Dear Bill (age 38),
When you began doing anti-poverty work in New Bedford, Mass., you saw “the system” as the problem all too often. The so-called trickledown from the larger economy never really lifted many boats in this old seaport city. Eventually you built a network of more than 100 New Bedford microbusinesses, run by people who loaned each other money and offered moral support in peer groups. Fishermen, mechanics, dollhouse purveyors and hot dog restaurateurs are getting credit – even though none was creditworthy, according to the bank.
But something was wrong; something didn’t quite make sense. How could you be using the tools of capitalism to undermine the rules that the system had erected to protect itself? As the critic from the Chamber of Commerce said,“Five-hundred-dollar loans are lunch money, and lending in groups is kind of like socialism, isn’t it?” Somehow this must all make sense, but you were missing big pieces of the puzzle.
The irony will never be lost that it will be in New Hampshire – land of“Live Free or Die” and the right wing icon William Loeb – where the answers to your questions will be found. You will join the community economic development master’s program at then-New Hampshire College and immediately find yourself immersed in a great, extended family of community activists and leaders from Wilmington and Atlanta, from Nova Scotia and Iraq, and from Ethiopia and Boston.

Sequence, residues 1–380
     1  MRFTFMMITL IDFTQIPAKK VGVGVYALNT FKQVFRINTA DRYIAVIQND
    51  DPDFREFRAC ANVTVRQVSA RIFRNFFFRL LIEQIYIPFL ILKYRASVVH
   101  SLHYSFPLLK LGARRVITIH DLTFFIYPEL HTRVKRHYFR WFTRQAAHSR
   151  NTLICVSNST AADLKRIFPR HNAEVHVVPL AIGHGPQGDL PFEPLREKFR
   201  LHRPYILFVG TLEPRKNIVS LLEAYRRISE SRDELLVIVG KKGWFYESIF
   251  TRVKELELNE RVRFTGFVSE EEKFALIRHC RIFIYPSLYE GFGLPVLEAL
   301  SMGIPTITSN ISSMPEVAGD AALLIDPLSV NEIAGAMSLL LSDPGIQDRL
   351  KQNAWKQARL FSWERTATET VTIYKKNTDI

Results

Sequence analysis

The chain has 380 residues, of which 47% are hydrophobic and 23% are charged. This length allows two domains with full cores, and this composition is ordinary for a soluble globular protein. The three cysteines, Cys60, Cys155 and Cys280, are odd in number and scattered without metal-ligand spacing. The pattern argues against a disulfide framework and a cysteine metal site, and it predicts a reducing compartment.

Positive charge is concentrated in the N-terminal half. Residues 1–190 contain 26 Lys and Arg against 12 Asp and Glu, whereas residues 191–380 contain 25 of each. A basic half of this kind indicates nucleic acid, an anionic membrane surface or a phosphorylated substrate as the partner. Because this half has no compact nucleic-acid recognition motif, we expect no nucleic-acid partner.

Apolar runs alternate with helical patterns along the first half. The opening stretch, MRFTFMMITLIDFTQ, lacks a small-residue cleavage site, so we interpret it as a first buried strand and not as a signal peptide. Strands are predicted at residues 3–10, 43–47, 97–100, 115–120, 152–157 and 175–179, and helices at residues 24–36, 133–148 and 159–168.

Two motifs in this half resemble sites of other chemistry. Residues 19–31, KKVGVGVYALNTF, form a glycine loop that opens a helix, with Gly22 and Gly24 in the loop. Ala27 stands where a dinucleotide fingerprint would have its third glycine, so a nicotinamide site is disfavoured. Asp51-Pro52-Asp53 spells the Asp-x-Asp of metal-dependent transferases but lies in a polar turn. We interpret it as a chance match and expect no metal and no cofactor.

The synapses will start snapping; the many questions will turn into fascinating answers. You will learn that community economic development uses business strategies, such as the small business loans of your New Bedford program, to create participation, equity and sustainability at the neighborhood level. When you finish you will have earned a Master of Science degree in CED and also the knowledge that you are not alone in imagining that a better world is possible.
And now, 15 years after those days of uncertainty, you are flying over the red ochre expanse of the African continent. The microenterprise development experiment you were a part of in New Bedford has blossomed into a movement that touches the lives of more than 100 million people all over the globe. You are on your way to Johannesburg to build a network of fellow seekers and activists who in fact are “the system” and wield the tools of capitalism to create trickle-up opportunities for poor communities that share much in common with New Bedford. This path will seem far-fetched to you in 1994, but the pieces of this intricate puzzle of your life will all fall into place, trust me!
William Maddocks, age 53
Director, Microenterprise & Development Institute
Contact William Maddocks at email@example.com